Top Ten Tuesday is hosted by The Broke and The Bookish. One of the B&B gals, Jamie, will be getting married very soon, and in honor of that absolutely wonderful celebration we’re discussing literary romances that would make it in the real world.
I love this topic. Love it.
1. Anne and Captain Wentworth, Persuasion by Jane Austen– Because, well, have you read that letter? All that love stored up after all those years–you can’t beat a story like that. So much of their romance relates back to real life. In real life people grow up; they age. And in real life, in order to have successful love we have to forgive the past and offer a huge measure of grace.
2. Jane and Mr. Rochester, Jane Eyre by Charlotte Bronte– These are two crazy, passionate people (not as crazy as Bertha, obvs). But Jane doesn’t end up with Rochester until she’s able to make it on her own. And in a way she rescues him. Again, this is how real life is. One person in the relationship isn’t always the hero; we equally rescue and take care of each other.
3. Adam and Mia, If I Stay/Where She Went by Gayle Forman– Oh man, the love here is beautiful and breathtaking. This is truly one of my all-time favorite couples.
4. Michael and Mia, The Princess Diaries series by Meg Cabot– Hello, he created a robotic arm just to prove he’s worthy of her! And he respects her as an individual with a life of her own. And Mia embraces that.
5. Darcy and Elizabeth, Pride and Prejudice by Jane Austen– Before they’re married they act like a married couple, always sassy and opinionated, but flirtatious and overwhelmed by that love they didn’t plan on. Also, this is another couple that has to take down those walls of pride and move forward with higher, better expectations.
6. Jay and Violet, The Body Finder series by Kimberly Derting– These two have a romance that evolved from friendship. While I think there are many ways to fall in love, this is my favorite—but I’m totally biased.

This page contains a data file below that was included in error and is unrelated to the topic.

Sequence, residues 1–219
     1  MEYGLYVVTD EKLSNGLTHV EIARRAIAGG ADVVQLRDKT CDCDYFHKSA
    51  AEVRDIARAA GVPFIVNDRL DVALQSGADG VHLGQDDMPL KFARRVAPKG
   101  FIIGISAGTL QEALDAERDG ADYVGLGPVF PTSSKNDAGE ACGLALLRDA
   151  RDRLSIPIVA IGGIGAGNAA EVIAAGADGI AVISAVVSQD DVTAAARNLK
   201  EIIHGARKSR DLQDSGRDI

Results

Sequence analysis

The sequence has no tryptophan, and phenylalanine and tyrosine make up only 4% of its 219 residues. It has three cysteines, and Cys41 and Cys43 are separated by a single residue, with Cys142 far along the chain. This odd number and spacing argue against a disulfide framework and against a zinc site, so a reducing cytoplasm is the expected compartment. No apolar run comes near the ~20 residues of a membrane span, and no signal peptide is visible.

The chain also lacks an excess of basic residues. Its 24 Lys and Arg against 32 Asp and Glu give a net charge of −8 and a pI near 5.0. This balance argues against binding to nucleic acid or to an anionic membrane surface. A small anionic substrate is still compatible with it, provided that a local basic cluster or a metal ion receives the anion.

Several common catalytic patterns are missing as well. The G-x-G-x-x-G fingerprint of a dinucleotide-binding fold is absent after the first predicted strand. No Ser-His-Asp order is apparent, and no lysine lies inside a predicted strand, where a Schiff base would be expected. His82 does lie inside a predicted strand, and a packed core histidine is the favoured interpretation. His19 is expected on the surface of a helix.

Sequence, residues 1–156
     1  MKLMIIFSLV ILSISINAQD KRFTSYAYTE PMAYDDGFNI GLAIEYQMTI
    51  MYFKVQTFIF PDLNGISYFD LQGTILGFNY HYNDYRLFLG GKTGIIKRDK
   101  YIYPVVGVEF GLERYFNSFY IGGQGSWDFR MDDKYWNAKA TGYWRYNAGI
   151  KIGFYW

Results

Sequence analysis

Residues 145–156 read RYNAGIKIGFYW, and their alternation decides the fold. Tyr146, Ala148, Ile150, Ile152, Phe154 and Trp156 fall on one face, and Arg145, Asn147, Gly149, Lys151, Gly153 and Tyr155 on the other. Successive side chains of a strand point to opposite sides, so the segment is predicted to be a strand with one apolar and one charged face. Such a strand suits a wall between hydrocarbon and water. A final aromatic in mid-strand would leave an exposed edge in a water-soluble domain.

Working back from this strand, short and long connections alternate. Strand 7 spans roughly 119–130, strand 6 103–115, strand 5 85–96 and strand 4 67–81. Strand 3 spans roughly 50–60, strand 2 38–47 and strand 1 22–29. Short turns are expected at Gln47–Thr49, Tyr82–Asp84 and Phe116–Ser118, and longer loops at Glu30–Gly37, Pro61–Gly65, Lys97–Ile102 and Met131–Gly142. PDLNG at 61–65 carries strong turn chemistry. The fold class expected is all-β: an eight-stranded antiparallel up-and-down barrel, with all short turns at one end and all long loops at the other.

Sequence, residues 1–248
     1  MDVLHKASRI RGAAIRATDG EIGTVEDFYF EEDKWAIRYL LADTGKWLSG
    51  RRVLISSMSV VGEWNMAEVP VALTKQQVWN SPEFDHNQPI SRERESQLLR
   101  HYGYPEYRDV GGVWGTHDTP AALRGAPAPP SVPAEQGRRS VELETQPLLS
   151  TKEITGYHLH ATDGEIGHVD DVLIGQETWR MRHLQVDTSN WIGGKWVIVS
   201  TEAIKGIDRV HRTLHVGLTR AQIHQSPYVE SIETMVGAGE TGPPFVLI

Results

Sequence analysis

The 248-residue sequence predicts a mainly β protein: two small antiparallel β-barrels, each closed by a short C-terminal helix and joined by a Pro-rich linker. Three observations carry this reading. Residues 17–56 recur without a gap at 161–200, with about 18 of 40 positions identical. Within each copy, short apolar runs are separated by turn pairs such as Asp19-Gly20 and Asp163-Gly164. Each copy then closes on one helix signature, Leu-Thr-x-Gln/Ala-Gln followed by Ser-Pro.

7. Cricket and Lola, Lola and the Boy Next Door by Stephanie Perkins– Again with the childhood friends. They’re so cute! But more than that, Cricket and Lola appreciate the unique nature of the other. And they can laugh at themselves. Real love must include lots of laughter.
8. Lennie and Joe, The Sky is Everywhere by Jandy Nelson– I imagine that these two would be crazy, passionate and romantic in the loveliest sense of the word. But even in those moments where they may not feel particularly lovey dovey (it happens, like when you’re paying your bills or talking about what to cook for dinner you’re not usually making googly eyes at each other), they have a firm foundation in their shared interests and in a deeper understanding of each other. They get each other. This is so important!
9. Conrad and Belly, The Summer series by Jenny Han– Come on. They’ve grown up together and despite immaturity on both parts, they’ve been building a loving relationship forever. They’re friends, they’re like family and it’s like they’ve waited their whole lives to finally grow up and be together.
And yes, I can count but I just can’t stop myself. Here are a couple more:
11. Taylor and Jonah Effing Griggs, Jellicoe Road by Melina Marchetta– I know they’ve endured some seriously painful shizz in their lives, but they’ve gotten to a place where they can be completely raw. They get each other, they get the pain and yet they want to see the other through it. Man, I love this couple.